What does Walt Whitman mean when he calls the grass ''the flag of my disposition'' in section 6 of "Song of Myself"?

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mrs-campbell | High School Teacher | (Level 1) Educator Emeritus

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This line, which he expresses in section 6 of his poem "Song of Myself," expresses the sentiment that the grass under his feet is just another emblem that indicates that he is connected with the entire human race.  One of the main points of section 6 is to express the thought that when people die and are buried, eventually their bodies become fertilizer feeding the soil.  The grass then feeds on those nutrients, growing strong and green essentially off of the remains of people's lives.    He expresses this thought when he identifies grass as "the beautiful uncut hair of graves," and as sprouting "from the breasts of young men."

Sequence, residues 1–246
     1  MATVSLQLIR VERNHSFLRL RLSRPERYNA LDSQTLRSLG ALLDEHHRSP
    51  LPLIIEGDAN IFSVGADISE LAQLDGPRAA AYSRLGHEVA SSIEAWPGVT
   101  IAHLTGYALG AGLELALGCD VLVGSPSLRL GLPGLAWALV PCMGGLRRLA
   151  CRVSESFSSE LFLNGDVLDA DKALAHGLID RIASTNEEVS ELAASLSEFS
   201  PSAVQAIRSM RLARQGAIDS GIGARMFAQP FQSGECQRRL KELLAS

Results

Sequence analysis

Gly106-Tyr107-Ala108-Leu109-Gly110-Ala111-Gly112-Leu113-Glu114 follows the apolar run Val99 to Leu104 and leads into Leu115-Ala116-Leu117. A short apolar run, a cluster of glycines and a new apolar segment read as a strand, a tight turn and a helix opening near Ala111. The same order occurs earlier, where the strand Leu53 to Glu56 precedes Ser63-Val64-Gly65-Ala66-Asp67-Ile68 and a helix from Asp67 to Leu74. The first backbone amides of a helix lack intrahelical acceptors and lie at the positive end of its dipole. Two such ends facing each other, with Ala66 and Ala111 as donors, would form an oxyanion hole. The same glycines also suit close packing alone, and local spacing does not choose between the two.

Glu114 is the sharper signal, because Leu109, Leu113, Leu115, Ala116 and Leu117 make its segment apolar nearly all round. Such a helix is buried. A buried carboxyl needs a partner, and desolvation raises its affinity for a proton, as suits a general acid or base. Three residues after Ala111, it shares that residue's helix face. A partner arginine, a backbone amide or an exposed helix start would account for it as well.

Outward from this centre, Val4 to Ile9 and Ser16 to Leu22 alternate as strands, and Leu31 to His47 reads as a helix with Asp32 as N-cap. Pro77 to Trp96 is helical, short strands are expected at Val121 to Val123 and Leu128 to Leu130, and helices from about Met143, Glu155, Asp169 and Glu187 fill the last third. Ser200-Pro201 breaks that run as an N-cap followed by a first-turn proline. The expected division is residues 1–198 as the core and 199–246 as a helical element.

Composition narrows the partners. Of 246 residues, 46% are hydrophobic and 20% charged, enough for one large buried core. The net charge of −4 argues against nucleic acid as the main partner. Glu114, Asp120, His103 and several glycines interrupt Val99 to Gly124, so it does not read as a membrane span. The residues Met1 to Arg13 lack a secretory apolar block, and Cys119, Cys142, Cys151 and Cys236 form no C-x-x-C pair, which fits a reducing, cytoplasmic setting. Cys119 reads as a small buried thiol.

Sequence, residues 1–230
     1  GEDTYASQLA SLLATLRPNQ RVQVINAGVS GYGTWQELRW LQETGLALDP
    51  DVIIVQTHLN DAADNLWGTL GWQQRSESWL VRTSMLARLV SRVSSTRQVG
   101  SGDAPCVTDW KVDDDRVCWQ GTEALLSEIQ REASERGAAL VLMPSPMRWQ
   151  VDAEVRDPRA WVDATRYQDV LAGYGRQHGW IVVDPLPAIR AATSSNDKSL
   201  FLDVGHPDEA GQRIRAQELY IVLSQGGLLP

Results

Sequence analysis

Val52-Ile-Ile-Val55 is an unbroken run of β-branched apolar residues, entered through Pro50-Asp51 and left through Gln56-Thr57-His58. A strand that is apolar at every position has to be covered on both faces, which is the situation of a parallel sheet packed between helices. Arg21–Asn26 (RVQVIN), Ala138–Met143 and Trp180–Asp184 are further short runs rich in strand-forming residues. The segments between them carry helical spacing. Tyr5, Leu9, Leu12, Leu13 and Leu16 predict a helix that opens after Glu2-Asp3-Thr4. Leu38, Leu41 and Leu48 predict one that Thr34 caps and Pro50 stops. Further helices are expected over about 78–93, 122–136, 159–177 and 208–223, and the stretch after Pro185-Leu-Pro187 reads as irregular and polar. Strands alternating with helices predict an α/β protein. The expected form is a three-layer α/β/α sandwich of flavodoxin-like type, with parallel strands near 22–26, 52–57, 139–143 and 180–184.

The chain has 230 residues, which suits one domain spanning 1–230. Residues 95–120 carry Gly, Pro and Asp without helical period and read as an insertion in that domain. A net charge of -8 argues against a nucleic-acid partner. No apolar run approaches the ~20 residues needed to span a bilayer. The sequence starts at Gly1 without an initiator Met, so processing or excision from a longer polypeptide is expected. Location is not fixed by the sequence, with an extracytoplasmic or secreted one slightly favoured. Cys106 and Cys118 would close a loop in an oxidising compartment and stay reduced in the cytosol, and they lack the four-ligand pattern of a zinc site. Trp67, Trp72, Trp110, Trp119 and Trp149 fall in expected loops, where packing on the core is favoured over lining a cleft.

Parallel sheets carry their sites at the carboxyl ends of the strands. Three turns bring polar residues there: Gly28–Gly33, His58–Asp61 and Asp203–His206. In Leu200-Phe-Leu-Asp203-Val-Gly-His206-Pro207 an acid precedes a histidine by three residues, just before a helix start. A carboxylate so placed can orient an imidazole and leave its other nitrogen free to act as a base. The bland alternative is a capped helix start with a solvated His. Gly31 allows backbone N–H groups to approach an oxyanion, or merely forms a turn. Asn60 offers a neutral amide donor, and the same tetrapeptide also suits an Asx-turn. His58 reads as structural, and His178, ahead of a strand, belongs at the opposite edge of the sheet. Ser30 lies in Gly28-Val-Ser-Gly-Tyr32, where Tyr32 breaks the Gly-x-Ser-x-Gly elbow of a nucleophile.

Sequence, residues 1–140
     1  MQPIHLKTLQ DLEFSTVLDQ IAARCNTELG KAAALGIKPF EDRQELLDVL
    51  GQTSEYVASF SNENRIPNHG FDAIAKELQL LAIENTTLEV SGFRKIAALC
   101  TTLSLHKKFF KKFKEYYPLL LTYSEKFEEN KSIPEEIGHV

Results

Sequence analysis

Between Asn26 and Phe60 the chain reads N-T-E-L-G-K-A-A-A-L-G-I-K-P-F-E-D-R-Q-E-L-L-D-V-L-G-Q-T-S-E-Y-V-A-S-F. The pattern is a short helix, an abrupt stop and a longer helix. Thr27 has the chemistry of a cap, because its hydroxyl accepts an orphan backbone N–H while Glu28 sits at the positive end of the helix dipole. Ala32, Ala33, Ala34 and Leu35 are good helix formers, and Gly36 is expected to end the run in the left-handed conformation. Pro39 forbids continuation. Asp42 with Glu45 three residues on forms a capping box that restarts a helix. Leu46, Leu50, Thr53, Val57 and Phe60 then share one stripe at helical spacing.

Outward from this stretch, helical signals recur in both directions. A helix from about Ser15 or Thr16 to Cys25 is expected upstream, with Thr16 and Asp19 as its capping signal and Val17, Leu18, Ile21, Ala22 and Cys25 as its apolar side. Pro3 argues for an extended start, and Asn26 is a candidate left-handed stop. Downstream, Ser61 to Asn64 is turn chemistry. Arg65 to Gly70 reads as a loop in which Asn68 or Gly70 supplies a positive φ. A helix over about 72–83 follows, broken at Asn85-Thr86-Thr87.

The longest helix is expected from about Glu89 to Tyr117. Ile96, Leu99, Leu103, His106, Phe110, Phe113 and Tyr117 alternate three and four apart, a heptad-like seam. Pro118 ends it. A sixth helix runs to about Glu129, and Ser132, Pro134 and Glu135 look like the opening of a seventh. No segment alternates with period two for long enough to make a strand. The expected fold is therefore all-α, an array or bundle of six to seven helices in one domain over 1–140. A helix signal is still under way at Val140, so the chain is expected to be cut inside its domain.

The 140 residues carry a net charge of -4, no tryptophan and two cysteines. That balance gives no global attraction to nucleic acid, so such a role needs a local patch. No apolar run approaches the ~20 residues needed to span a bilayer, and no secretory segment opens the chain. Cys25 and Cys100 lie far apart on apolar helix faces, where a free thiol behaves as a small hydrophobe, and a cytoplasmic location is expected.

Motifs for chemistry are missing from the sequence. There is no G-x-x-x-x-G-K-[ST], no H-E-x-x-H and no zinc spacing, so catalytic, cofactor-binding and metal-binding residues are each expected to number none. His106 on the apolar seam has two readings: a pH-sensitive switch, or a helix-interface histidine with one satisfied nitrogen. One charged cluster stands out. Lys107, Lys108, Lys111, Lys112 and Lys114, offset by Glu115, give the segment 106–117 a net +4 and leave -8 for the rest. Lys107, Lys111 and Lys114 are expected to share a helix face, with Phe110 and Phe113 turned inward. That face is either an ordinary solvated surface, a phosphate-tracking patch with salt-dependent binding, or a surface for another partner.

So, when Whitman claims that the grass is the "flag of his disposition," he is literally meaning that it is a representation or symbol of how he feels.  "Disposition" means his attitude, beliefs or feelings on an issue, and a flag would be an outward symbol of those feelings.  And Whitman feels that life is one continuous ciricle; death does not conquer, it just feeds the circle of life.  Grass symbolizes Whitman's belief that all men and women are connected; even though dead, the people buried in the ground sprout as grass, which he then sits and walks on.  Thus, he is connected to entire generations of Americans who have passed before him.  The grass being a "flag of my disposition" indicates that it represents his belief in the circle of life, his connectedness to everyone else, and the beauty and miracle of life and death. I  hope that those thoughts helped; good luck!

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